Embassy Row

By Morrison, James | The Washington Times (Washington, DC), March 7, 1997 | Go to article overview

Embassy Row


Morrison, James, The Washington Times (Washington, DC)


LOSING ONE'S MARBLES

When he first saw the looted treasures of ancient Greece in the British Museum, he was a 14-year-old Greek tourist in London.

"I was offended," Evangelos Venizelos said yesterday, recalling his impression of the infamous Elgin marbles.

Today at age 40, Mr. Venizelos is the Greek minister of culture and is fighting to get them back.

Visiting here this week, he said he seeks U.S. support to help him pressure the British into returning the massive haul of statues and sculpted marble slabs taken from the Parthenon in Athens in the early 19th century by Scotsman Thomas Bruce, the seventh Earl of Elgin.

Bruce was then British ambassador in Constantinople and Greece was ruled by the Ottoman Turks, who allowed him to take the marbles. The Greeks today argue the Turks had no right to give them away and the British have no right to keep them.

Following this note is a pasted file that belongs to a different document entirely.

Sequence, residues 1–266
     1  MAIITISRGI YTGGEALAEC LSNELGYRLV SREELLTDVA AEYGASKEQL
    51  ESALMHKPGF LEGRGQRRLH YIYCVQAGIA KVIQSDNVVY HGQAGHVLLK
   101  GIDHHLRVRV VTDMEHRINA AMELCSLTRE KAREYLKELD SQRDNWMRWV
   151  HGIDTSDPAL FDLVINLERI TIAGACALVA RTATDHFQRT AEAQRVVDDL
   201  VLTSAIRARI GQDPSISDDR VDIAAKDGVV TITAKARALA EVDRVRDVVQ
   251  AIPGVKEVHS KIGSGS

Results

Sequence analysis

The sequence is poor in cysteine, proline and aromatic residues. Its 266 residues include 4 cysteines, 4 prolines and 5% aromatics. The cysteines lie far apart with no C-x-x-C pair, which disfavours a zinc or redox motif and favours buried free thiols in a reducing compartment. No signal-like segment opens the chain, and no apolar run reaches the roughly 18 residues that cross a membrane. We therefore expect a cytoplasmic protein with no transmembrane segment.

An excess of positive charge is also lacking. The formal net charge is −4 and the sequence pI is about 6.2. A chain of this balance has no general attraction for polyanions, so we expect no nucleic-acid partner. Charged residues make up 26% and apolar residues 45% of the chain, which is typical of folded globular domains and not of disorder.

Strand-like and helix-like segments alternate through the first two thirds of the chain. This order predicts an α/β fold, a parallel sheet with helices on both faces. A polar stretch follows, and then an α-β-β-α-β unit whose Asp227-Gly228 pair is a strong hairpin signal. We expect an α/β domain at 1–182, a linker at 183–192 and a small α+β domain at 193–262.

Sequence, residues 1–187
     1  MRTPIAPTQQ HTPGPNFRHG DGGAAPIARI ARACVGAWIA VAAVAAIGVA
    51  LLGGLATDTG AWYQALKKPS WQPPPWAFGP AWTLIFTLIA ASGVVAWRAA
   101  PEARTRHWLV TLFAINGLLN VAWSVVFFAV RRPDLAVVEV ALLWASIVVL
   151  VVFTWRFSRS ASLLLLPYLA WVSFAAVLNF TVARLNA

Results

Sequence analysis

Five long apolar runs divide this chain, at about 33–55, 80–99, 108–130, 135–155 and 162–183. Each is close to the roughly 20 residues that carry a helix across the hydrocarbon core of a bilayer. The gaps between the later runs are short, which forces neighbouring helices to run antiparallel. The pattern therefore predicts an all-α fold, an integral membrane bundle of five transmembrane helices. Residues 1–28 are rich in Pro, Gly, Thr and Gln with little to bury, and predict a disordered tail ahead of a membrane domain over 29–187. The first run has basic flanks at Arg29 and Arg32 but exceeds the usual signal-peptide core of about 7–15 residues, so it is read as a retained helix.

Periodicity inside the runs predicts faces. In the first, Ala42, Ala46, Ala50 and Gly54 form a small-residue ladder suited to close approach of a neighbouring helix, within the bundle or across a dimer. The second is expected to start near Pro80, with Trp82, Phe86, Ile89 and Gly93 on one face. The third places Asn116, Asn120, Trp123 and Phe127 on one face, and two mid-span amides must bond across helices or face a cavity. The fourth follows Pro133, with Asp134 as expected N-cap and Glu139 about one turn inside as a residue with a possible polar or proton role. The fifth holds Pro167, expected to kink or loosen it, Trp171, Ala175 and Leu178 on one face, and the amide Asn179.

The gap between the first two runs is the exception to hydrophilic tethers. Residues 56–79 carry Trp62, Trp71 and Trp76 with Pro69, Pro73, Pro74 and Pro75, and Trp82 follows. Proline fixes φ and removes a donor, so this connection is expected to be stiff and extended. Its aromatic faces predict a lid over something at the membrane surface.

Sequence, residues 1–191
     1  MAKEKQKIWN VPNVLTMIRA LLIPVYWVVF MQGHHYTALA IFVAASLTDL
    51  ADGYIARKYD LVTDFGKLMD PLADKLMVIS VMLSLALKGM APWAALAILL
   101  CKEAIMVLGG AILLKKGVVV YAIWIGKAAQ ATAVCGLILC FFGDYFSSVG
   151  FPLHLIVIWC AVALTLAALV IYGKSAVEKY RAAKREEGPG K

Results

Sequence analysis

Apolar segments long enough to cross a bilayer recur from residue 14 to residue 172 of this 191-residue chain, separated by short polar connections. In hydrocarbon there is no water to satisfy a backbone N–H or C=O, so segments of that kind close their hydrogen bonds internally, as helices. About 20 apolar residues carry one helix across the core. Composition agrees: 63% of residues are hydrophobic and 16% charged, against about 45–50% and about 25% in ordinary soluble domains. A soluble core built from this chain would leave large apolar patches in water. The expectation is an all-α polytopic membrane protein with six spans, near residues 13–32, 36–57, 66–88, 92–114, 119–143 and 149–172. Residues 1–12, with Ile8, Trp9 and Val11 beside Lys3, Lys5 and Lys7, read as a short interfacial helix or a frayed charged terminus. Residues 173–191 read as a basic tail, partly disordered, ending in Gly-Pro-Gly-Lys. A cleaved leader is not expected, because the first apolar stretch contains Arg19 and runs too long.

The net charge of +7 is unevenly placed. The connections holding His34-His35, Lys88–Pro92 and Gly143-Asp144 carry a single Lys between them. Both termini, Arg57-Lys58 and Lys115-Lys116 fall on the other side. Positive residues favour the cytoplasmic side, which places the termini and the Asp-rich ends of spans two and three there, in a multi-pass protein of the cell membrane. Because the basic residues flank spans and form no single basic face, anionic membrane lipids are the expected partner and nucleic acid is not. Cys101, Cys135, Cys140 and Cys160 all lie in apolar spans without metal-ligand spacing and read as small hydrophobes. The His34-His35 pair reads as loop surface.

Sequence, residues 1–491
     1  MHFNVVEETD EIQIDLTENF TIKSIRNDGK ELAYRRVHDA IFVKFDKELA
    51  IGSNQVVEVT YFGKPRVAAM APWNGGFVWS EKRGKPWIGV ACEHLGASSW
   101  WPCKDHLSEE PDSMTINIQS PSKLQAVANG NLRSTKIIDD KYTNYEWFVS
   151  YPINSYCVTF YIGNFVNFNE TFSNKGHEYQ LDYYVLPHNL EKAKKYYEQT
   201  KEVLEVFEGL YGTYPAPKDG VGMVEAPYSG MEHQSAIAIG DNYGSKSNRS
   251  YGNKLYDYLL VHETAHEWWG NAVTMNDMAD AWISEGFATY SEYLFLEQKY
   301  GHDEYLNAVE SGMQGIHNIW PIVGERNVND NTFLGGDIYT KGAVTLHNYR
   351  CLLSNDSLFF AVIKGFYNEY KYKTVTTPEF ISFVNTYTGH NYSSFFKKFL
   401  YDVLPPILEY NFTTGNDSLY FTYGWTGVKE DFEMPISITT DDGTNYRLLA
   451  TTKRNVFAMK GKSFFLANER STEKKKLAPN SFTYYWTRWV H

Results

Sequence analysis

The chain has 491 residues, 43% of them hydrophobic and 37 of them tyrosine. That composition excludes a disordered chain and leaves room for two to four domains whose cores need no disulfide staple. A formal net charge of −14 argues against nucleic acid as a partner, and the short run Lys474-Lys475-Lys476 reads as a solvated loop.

Mr. Venizelos said he is trying the diplomatic approach with London, asking politely for their return. If the British refuse, as they have before, the Greeks are prepared to sue in international courts.

"The Parthenon is the symbol of Western civilization," he said.

Mr. Venizelos said the United States has already demonstrated "good behavior" concerning disputed ownership of antiquities by returning a trove of 3,500-year-old Mycenaean gold treasures that had been purchased years earlier on the black market by a U.S. collector.

Mr. Venizelos arrived in New York earlier this week to open an exhibition on "The Glory of Byzantium" at the Metropolitan Museum of Art.

He is also promoting a major exhibit of Byzantium artifacts that will be displayed in June in Thessalonica, Greece, this year's designated "cultural capital" of the European Union. The exhibit will feature treasures held by the Monastic Republic of Mount Athos in northern Greece.

COLOMBIAN CONTROVERSY

The U.S. ambassador to Colombia stirred up more controversy this week by revealing that Colombian drug lords offered to provide evidence that President Ernesto Samper accepted drug money.

Ambassador Myles Frechette's comments Wednesday came on the same day that Colombia said it was temporarily suspending a drug crop eradication program after Washington decided to declare that Colombia was failing to cooperate in the drug war for the second consecutive year. …

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